- Intuit offered to buy BigCommerce for $1.5 billion about a month before the e-commerce software company's IPO.
- BigCommerce opted to go public instead, and the stock jumped over 200% in its debut last week.
- The stock market is pricing subscription software companies at a premium during the pandemic.
BigCommerce's stock more than tripled in its market debut last week, marking the biggest IPO pop of 2020 and valuing the software company at close to $5 billion. The rally justified the company's decision to stay independent.
Just about a month before the IPO, Intuit offered to buy BigCommerce for $1.5 billion, according to people familiar with the matter, who asked not to be named because the talks were confidential. Some BigCommerce leaders wanted to take the deal.
BigCommerce CEO Brent Bellm gambled that, even in the midst of a global pandemic and economic slump, public investors would continue piling into new cloud software stocks. Several subscription software vendors have doubled or even tripled in value this year, benefiting from surging demand for tools that help companies run digital businesses and manage remote workforces.
A BigCommerce spokesperson declined to comment. Intuit didn't provide a comment.
BigCommerce's biggest rival, Shopify, has been a Wall Street darling for four years, a stretch during which the stock price has multiplied by over 25-fold and its market cap has jumped to about $120 billion. Both companies provide e-retailers with software for developing their websites, handling payments and dealing with currency conversions. While Shopify is more than 20 times bigger than BigCommerce and still growing much faster, the market appears plenty big for another multibillion-dollar company, particularly as the pandemic pushes more retail online.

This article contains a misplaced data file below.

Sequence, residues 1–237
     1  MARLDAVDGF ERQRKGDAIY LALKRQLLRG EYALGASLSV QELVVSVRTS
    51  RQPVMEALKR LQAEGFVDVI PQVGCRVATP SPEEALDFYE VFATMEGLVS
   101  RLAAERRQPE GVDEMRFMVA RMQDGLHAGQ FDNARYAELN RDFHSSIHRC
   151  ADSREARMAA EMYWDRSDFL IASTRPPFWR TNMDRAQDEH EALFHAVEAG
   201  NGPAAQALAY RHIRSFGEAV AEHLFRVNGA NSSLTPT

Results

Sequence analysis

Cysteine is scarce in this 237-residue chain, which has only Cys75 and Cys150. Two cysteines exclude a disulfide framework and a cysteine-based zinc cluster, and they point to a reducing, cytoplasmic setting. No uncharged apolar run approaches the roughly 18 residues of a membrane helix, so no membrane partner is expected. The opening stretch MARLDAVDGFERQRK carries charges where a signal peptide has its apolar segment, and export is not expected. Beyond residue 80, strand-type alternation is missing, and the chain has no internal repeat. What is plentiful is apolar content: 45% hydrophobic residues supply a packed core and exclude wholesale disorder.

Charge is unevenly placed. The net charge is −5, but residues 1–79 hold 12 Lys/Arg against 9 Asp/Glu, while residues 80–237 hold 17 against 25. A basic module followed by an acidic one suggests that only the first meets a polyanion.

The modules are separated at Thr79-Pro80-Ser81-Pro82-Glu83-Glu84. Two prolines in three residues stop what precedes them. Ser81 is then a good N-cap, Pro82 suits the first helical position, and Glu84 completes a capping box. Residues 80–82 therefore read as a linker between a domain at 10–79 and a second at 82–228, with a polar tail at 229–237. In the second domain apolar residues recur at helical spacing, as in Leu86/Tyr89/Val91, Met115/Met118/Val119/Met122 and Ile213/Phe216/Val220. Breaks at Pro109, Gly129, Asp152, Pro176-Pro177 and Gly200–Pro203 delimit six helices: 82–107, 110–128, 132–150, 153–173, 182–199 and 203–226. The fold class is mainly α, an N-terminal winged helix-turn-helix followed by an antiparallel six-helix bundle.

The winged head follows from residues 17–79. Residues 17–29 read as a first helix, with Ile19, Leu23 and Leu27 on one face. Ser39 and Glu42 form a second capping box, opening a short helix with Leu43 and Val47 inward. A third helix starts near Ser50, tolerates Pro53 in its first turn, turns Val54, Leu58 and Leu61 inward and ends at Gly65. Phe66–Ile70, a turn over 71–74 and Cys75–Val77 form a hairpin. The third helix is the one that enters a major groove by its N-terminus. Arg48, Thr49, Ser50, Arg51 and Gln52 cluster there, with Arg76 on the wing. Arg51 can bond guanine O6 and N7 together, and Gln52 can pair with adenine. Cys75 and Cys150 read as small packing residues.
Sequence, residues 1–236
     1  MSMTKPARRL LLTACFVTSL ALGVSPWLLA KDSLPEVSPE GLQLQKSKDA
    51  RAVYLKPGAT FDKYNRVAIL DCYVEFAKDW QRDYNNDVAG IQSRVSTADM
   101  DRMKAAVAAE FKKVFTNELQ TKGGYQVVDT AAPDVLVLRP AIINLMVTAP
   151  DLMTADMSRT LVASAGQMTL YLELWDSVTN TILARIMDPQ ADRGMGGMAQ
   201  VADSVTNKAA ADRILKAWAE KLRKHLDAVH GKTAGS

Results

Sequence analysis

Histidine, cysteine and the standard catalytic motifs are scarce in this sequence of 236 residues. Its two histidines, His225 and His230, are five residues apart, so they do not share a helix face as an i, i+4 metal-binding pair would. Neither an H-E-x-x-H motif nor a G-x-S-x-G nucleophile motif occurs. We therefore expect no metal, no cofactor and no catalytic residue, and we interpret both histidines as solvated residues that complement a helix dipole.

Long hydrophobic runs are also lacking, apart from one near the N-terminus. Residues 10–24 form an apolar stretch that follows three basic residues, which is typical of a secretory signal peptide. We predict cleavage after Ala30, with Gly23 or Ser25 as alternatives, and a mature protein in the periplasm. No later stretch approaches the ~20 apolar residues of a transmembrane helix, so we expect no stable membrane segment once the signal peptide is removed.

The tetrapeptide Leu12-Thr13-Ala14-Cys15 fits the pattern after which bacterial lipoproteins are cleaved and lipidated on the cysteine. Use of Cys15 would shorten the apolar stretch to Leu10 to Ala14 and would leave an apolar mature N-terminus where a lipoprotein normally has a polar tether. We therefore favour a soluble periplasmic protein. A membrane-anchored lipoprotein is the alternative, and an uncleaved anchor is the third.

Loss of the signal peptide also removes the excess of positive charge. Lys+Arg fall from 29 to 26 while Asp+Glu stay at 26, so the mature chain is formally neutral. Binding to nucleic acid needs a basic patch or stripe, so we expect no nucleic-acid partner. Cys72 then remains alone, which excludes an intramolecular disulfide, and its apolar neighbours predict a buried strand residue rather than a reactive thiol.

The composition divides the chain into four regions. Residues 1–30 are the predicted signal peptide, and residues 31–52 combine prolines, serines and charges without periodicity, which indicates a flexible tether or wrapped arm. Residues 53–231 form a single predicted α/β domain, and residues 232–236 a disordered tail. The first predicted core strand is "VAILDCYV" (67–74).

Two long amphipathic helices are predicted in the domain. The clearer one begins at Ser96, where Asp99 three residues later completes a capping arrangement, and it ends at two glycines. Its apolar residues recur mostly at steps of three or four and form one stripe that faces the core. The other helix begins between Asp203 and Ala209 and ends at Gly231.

"We believe we are well-positioned to continue to benefit from the macro-economic shift to ecommerce that Covid-19 has accelerated, but revenue may be more variable in the near-term as a result," BigCommerce said in its IPO prospectus.
Companies commonly file to go public and then field acquisition offers from potential buyers, knowing the clock is ticking to a likely pop. AppDynamics was on the eve of its IPO in 2017, when Cisco jumped in with a $3.7 billion offer. SAP purchased Qualtrics for $8 billion in 2018, just before a planned market debut.
But cloud software stocks are getting such favorable multiples now that SAP is spinning Qualtrics out through an IPO, two years after the acquisition. Datadog reportedly received a $7 billion takeover offer before its IPO last year, and is now valued at almost $23 billion.
Were BigCommerce to have taken the deal at $1.5 billion, the company would have been valued at about 11 times revenue, a good multiple historically for a software company growing at 30% annually. At Monday's close, the public market is valuing BigCommerce at about 44 times sales. That's rich, but still less than Shopify, which trades for 62 times sales.
Founded in 2009, BigCommerce originally served small businesses, but eventually moved to working with mid-sized businesses and enterprises. Customers include Ben & Jerry's, Sony and Skullcandy. In its prospectus, BigCommerce names Shopify, Adobe's Magento unit, Salesforce and WooCommerce (owned by WordPress parent Automattic) as competitors.
Intuit, known mostly for its tax software, has already announced one of the bigger tech acquisitions this year. In February, the company said it was buying personal finance site Credit Karma for $7.1 billion, a deal that's currently under regulatory review. In June, Intuit said it was raising $2 billion through a debt sale to finance some of the costs of acquiring Credit Karma as well as other purposes including the "possible acquisitions of businesses or assets or strategic investments."